Thatcher's Death Opens Old Wounds
4/17/2013, 9 p.m.
Margaret Thatcher is dead and Marjorie Anne Buckley-Jones isn't sorry.
In the 10 days since Britain's first woman prime minister succumbed to a stroke, Buckley-Jones said she has been awash in awful memories of the Thatcherite era.
"I lived it. I lived through the Poll Tax riots, the winter of discontent, unemployment and rubbish piling up on the streets," said Buckley-Jones during a telephone interview from her Manchester, England home. "People high up have selective memories. They choose to forget that she brought this country to its knees. Maggie was not for poor people but she was for self-serving, fly-by-night, stab-you-in-the-back, gold-teeth stealing people. I cheered when she died."
While her comments are blunt, raw, and emotional, Buckley-Jones' remarks represent some widely held feelings across a spectrum of Britain's populace. Few people are on the fence when it comes to opinions about the "Iron Lady" and critics like Buckley-Jones have stepped forward to voice their anger toward Thatcher's policies.
"If you listen to the media over here, and not go to the grassroots, you'd think this woman was a saint," said Buckley-Jones, 55. "You have to know that something's up. I fully expect a riot Wednesday [at her funeral]. People are vexed. [Prime Minister David] Cameron said we should respect the dead but why? They're already trying to rewrite history."
Buckley-Jones said Thatcher started working early to cement her dubious legacy and earned the nickname "Maggie the School Milk Snatcher" for ending the program that offered milk and vitamins to poor schoolchildren in 1971, when she was the Minister of Education. Thatcher served as prime minister from 1979 until 1990.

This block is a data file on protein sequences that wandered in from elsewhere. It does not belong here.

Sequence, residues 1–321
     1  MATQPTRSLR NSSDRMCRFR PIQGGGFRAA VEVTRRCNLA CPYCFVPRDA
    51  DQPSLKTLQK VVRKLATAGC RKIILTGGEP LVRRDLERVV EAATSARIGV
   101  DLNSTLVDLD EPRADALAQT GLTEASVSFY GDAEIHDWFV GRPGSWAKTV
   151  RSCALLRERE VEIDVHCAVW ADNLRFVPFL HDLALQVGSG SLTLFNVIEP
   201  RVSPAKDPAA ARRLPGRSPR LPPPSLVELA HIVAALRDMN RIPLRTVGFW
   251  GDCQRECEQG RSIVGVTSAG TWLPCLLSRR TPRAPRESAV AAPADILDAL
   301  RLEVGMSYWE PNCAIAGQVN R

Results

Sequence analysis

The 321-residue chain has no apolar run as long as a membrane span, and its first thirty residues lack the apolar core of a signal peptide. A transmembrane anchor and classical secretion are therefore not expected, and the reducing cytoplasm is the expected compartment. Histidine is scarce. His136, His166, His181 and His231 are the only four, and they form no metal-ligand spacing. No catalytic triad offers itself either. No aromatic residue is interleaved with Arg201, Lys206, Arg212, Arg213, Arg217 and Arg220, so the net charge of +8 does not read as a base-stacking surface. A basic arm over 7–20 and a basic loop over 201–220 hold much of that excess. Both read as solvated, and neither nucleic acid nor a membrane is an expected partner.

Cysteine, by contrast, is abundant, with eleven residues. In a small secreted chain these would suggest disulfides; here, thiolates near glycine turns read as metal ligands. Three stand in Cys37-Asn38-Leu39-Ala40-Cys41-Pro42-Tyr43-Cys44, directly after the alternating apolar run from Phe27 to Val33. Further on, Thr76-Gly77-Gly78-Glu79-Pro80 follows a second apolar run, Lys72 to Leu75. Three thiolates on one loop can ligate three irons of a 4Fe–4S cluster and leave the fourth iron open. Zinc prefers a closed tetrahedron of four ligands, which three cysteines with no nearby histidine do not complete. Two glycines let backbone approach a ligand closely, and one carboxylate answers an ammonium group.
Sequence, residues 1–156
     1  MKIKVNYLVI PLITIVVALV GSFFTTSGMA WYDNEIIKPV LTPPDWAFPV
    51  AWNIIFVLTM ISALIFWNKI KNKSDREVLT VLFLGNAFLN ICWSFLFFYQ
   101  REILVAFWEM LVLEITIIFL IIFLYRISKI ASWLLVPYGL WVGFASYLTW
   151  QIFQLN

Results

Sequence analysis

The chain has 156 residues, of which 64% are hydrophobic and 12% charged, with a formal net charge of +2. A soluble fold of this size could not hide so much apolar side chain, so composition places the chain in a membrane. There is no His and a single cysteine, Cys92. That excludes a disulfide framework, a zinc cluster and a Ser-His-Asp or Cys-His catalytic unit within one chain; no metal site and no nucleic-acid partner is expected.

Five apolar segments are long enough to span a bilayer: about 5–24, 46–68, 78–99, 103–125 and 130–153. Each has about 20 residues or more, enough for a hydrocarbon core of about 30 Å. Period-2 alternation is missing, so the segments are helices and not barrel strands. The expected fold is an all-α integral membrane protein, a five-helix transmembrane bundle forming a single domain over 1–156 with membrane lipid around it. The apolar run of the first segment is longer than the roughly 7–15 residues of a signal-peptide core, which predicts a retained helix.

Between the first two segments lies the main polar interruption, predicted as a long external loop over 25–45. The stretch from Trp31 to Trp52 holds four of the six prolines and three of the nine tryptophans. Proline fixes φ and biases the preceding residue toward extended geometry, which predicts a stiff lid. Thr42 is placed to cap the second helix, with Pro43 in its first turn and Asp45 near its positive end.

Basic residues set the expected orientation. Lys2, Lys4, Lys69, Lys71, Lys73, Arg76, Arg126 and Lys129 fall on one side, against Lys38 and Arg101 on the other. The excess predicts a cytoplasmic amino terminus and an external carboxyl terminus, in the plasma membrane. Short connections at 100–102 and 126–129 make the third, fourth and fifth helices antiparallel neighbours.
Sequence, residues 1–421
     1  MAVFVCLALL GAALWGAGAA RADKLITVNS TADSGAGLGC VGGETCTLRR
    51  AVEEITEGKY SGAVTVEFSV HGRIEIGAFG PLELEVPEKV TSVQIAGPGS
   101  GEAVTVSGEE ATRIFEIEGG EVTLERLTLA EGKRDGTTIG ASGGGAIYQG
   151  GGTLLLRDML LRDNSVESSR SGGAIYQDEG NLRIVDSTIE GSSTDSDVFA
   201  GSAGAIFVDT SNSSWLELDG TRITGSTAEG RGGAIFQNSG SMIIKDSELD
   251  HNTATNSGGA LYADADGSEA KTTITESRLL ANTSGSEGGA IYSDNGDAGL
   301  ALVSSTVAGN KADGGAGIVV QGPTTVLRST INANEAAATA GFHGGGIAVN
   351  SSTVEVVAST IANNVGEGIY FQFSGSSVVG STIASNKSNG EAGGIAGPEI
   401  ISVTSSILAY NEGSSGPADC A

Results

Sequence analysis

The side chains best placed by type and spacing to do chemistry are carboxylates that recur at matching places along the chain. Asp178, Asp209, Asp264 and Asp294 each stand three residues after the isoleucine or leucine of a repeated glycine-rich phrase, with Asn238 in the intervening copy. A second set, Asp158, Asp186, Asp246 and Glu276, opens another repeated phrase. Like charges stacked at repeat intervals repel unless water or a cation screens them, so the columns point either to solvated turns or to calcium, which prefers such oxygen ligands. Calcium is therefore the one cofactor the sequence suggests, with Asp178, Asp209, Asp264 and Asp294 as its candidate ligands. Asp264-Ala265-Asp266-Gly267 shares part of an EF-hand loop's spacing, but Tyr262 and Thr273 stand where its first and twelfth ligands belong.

Baroness Thatcher's death has ignited impassioned exchanges on the street, the media, on Facebook and other social media. In Brixton and Bristol last week, and Central London this past weekend, revelers gathered at death "parties" celebrating Thatcher's passing. Hundreds of jovial people met at Trafalgar Square to dance, sing and chant epithets at a woman who Britons either loved or loathed for polices that everyone acknowledges produced massive unemployment, privatized large segments of the economy and routed trade unions. Some carried banners saying, "Rot in hell Thatcher" and "Maggie, Maggie, Maggie. Dead. Dead. Dead." Others sipped champagne, lit sparklers and party poppers and burned Thatcher in effigy. Elsewhere, graffiti on a wall in a widely distributed photograph said: "Iron Lady, Rust in Peace."
David Milloyd Deans said these celebratory displays are unfortunate and unnecessary.
"I didn't agree with everything she did but there will be no other. Everyone who's talking now was afraid of her when she was alive. There was a horrible side of her but she was a mother, wife, a grandmother and she had a soft personality. I saw that in private moments."
"As a human being and a Christian, I will forgive and forget. [What they're doing] for me is a little disrespectful. But you cannot stop people who [feel] wrath toward her. I don't like it but it's not going to stop. May she rest in peace."